For a viewer I have been a major endorser of the Indian web series, I’ve always loved how they’ve managed to create off beat content for the youth in short episodes.  Early series such as Pitchers, Baked, Permanent Rommates, Bang Baaja Baarat have been among my top favourites.

Apart from creating a niche for itself, brand integration in web series has always been applauded. In Permanent Roommates, season 2, the makers went on to establish an entire character around the brand on board: Ola as Shabnam. But the bygone year witnessed web series doubling up at the rate of  Facebook updates.

And thereby with the advent of newer web series began the infiltration of content that went from niche to mass appeal followed by brand integrations that were forced and filmsy.

The Indian web series sector saw a new audience with Timeliner’s Aam Aadmi Family featuring the chronicles of an Indian middle class family. A series that kept free from language or portrayal of anything that one would be embarrassed to watch with their family. Thanks to Smart TVs, the audience was glad to have discovered a series they could watch together as a family. It is safe to say that with Aaam Aadmi Family, slapstick comedy made a comeback in our lives.

Viacom 18’s Voot  app also had its share of original series. One of the popular series, Shaadi Boys, a satirical take on Indian weddings captured the audiences’ attention for the initial episodes but eventually received the ‘C’ rating- cliché.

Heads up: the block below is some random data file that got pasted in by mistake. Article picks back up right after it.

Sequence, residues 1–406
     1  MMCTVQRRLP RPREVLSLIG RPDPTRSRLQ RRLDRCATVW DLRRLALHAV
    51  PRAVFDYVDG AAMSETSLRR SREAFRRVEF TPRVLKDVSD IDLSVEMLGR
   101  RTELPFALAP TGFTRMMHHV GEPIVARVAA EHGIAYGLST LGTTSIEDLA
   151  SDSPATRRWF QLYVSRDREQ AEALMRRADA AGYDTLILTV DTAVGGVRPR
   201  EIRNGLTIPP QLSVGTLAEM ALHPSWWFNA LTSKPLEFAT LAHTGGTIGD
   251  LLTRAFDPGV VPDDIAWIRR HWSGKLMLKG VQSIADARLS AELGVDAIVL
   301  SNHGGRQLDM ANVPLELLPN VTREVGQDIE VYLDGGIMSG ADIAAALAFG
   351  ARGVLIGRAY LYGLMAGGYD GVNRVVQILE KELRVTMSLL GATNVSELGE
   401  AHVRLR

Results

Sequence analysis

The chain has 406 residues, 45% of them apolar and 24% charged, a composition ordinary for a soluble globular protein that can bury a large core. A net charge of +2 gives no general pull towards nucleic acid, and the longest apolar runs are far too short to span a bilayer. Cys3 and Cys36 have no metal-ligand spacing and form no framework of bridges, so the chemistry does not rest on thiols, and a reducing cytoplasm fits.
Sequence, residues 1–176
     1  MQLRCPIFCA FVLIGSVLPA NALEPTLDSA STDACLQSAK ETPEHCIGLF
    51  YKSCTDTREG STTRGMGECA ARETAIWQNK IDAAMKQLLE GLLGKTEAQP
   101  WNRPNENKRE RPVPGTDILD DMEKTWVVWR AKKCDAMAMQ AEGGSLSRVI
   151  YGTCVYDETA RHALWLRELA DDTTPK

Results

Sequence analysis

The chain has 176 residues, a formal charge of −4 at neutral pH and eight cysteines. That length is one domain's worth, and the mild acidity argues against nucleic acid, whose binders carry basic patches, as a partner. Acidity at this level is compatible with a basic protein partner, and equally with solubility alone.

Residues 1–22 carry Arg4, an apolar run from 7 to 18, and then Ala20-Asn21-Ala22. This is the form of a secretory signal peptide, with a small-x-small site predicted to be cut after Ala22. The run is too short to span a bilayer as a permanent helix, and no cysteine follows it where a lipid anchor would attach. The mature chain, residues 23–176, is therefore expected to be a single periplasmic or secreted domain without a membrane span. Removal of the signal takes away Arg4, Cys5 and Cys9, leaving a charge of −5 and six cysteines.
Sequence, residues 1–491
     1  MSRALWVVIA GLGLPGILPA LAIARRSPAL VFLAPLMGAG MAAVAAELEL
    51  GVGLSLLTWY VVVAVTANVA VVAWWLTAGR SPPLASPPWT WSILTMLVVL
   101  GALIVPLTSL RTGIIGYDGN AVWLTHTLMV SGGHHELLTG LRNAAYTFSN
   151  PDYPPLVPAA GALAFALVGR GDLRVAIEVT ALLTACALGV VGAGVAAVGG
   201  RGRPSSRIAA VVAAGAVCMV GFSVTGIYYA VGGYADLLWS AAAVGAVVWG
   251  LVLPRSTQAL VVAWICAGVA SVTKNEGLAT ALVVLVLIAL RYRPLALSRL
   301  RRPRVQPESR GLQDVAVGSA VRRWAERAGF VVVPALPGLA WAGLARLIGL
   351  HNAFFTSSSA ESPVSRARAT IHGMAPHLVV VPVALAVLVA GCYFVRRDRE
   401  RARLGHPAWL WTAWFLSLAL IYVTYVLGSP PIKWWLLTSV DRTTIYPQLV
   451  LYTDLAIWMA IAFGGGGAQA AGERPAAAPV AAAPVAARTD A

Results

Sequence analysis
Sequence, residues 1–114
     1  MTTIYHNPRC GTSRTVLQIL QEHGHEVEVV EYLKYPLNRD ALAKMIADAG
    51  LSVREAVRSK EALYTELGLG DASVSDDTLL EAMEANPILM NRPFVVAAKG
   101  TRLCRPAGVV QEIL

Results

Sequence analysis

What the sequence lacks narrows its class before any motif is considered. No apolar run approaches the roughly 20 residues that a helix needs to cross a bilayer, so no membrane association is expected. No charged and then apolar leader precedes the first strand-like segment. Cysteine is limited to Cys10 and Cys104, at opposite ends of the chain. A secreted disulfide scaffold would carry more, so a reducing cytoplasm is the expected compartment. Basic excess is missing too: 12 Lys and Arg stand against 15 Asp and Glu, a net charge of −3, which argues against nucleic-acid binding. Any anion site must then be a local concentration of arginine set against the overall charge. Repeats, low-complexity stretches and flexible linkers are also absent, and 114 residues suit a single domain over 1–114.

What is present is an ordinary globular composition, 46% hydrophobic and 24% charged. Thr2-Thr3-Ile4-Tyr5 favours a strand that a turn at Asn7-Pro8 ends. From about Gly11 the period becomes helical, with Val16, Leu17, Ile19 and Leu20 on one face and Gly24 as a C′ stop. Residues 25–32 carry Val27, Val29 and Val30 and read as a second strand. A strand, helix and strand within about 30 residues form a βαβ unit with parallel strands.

With bigger brand names come elaborate sets, familiar faces than new talent but not essentially web impressive content.

Bindass, a popular youth entertainment channel received acclaim for its web series Girl in the city, however its latest web offering The Trip featuring popular faces such as Lisa Haydon, Mallika Dua, Sapna Pabbi and Shweta Tripathi sharing a bachelorette road trip from Delhi to Thailand has been tagged as Zindagi Na Milegi Doobara’s rip-off on several occasions.

Against the nature of web series, The Trip’s characters seem unreal (rather stereotypical) and perhaps even fail to strike a chord with the viewers.

Other than the sluggish script, on a personal level it was their brand integration game that was a major letdown. In one particular scene, Shonali (played by Lisa Haydon) asks her boyfriend, “Can you please pass me those Whispers from behind?” Seemingly, karna padta hai, brand integration.

Have You Noticed This About Indian Web Series Lately?

This scene buried subtilty

Sony Liv’s Married Woman Diaries reflecting a contemporary married woman’s first world problems followed the same suite as Shaadi Boys, seemingly offbeat at first but a classic case of old wine, new bottle.

The recent addition to the line up of Indian web series is Vikram Bhatt’s home-grown version of 50 shades of Grey, Maaya.  The trailer received flak for its stereotypical narration and run-of-the-mill plot outline.

The makers have clarified that this is not an adaptation of 50 Shades but set on a similar premise which is BDSM. Now that the two episodes are out, I seem to agree with that, because TBH 50 Shades may have received its share of criticism, but it managed to create the right of kind of buzz and introduced the Indian audience to erotic fiction in the easiest possible way. As for the 73876964 issues I have with the series Maaya, the two episodes so far have helped me respect good content .

P.S: Are you an avid web series viewer like me? Let me know what do you think of this wind of change in the comments section below :)Until next time, #StayCurious 🙂

 

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